The video adds to the gritty, socialist vibe, shot as it is in a North Shields pub. The band members play darts, pool and the fruit machine as they harmonise. Once you see them, it’s a bit of a shock trying to reconcile the angelic voices on the record with these fairly grizzled looking blokes. They definitely have a ‘fringe theatre’ vibe to them – I think I might have given them a wide berth had I been at the same pub – and all the a cappella-ing does feel a little ‘community centre am-dram’ at times.
Still, it’s a fun record: a ‘novelty’ in the best sense of the word, and a welcome addition to the festive canon. It’s one of those Xmas #1s that, despite having nothing to do with the season, still feels very festive. And it’s another retro-sounding chart-topper to list alongside the doo-wop, disco and reggae tracks we’ve featured in the latter half of 1983.
The Flying Pickets aren’t quite one-hit wonders (the follow-up to this gave them one further Top 10 hit), but their chart success wasn’t sustained beyond the mid-1980s. They are still around and recording to this day – their latest album saw them covering Sia’s ‘Chandelier’, as well as re-recording this #1 hit – although none of the members who feature on this song have been a part of the band since 1990.
That’s it for 1983, then: the year in which it felt like the eighties truly began. Up next, we embark on a year described more than once as the best year for pop music… ever. I may have to take exception to that…
Save Your Love, by Renée & Renato (their 1st and only #1)
4 weeks, 12th December 1982 – 9th January 1983
Yes, the British public’s capacity for sending crap to #1 for Christmas knows no bounds. Of the three varieties, ‘novelty dross’ reigns supreme. A middle-aged Italian, and a pretty blonde (though the Renée in the video below and the Renée whose voice you hear were apparently not the same person…) Save your love, My darleeeeng… Strings and trembling guitars complete the ‘Valentine’s in a Bella Italia’ vibe.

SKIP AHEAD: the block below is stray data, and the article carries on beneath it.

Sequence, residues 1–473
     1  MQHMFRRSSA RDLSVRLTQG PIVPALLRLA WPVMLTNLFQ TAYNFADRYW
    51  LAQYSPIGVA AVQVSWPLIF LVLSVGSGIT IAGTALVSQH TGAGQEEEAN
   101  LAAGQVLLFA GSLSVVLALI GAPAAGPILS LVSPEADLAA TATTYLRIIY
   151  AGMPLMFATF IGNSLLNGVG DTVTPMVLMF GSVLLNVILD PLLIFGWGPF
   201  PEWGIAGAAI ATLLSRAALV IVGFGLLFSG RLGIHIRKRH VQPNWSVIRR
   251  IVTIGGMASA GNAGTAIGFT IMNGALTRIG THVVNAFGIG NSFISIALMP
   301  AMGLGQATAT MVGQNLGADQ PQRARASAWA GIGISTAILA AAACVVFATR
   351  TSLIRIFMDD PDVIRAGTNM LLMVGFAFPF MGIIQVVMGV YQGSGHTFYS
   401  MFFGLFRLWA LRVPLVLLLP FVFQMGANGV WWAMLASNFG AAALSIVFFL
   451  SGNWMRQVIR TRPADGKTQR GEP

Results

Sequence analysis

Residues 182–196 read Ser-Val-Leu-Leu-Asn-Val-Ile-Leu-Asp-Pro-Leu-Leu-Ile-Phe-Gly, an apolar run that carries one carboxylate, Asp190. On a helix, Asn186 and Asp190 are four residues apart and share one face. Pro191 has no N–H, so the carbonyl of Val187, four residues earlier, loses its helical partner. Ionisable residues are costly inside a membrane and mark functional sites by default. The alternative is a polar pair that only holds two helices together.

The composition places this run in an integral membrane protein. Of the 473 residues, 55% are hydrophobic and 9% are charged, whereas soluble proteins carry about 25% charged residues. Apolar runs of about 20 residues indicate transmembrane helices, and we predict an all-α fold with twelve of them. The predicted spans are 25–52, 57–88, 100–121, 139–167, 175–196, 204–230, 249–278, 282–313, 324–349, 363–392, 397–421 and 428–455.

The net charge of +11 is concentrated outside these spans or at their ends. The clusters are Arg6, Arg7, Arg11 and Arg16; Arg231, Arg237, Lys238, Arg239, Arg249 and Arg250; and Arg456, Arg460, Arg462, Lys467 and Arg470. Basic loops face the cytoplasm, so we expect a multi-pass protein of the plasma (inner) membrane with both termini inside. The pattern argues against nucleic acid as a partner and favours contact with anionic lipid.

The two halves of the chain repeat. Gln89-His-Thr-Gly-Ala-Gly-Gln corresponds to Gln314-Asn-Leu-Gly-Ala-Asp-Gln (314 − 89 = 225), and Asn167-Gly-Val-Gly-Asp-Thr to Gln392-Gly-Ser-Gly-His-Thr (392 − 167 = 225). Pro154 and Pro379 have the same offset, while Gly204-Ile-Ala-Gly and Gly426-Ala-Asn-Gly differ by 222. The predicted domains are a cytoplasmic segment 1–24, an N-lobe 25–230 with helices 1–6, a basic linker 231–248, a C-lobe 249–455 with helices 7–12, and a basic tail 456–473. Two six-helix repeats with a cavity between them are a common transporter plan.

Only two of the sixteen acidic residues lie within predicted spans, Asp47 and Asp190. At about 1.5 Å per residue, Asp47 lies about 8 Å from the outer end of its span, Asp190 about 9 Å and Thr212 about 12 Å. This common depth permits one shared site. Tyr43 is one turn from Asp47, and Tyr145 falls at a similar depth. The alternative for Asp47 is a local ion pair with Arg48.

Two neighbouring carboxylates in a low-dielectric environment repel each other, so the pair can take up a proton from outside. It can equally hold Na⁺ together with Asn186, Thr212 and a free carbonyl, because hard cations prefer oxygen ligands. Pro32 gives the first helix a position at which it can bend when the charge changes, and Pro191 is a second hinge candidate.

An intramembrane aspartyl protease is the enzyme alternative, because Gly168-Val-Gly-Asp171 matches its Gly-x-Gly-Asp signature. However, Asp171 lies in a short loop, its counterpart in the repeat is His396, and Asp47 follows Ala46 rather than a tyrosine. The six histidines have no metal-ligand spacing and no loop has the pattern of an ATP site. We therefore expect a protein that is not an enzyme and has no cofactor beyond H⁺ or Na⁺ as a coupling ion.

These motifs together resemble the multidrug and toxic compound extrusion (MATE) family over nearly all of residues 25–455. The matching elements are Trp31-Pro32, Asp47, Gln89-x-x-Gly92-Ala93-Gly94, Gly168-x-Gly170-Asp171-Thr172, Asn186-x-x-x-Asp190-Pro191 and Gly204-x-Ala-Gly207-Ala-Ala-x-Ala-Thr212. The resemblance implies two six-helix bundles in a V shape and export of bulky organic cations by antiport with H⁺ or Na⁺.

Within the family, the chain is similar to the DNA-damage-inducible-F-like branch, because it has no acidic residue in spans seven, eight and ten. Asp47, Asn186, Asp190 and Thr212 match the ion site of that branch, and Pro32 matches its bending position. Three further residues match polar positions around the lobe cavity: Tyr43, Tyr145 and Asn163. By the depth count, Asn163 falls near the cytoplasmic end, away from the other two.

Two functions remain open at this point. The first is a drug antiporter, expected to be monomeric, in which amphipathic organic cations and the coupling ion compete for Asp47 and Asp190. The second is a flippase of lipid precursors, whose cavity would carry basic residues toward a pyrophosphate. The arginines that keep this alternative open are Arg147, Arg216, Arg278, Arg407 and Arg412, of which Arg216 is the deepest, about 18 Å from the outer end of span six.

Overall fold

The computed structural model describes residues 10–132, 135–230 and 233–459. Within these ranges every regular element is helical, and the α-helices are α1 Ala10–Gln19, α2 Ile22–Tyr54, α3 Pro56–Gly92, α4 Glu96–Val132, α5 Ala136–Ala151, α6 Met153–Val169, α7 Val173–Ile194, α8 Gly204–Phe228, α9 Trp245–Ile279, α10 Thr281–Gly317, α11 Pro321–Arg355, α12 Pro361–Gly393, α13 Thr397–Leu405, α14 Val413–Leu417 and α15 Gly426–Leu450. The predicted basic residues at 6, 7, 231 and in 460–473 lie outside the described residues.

Songs like this are never worth the effort of holding up to any sort of examination. You can see what they were going for: Christmas, romance, one for the oldies… Except, it’s so cheap and tacky it’s almost unbearable. Back a decade ago, people put some love into their novelty hits. There was a charm, for me at least, to ‘My Ding-A-Ling’ and ‘Ernie’. But ‘Shaddap You Face’ and the St. Winny’s kids, and now this, are almost aggressive in their cheapness. They know they’re shit, and they’re going to batter you into submission.
Sample rhyming couplet: I can’t wait to hold and kiss you, Don’t you know how much I’ve missed you… If they’d gone for a slightly higher-quality production, and spent more than three minutes on the lyrics, I might actually enjoy this. Maybe. Slightly… It’s got a ‘This Is My Song’, or ‘It’s Now or Never’, Venetian gondolier vibes to it, .
Actually, I can half-imagine Elvis belting this out in Vegas, if he’d still been around in 1982. Renato is, sadly, not Elvis. Technically, he can sing. He sounds like a constipated boar, but he the notes are all in the right place. Renée can hold a tune, in a bland kind of way. Who were they? I did hope that this was some kind of ‘Allo Allo!’ spin-off… Except, Rene was a man in that show. (Although, in a spooky coincidence, ‘Allo Allo!’s pilot aired while ‘Save Your Love’ was on top of the charts…)
This record’s ‘cheapness’ can perhaps be excused by the fact that it was written, produced and released all by a man and wife duo (Johnny and Sue Edwards, not Renée and Renato). It is therefore the first truly ‘indie’ chart-topper which, as someone who lived through the height of indie-snobbery in the ‘90s and ‘00s, I find hilarious. Like I said, I want to enjoy this one, want to embrace the ridiculousness of it… but I can’t. It’s just too much.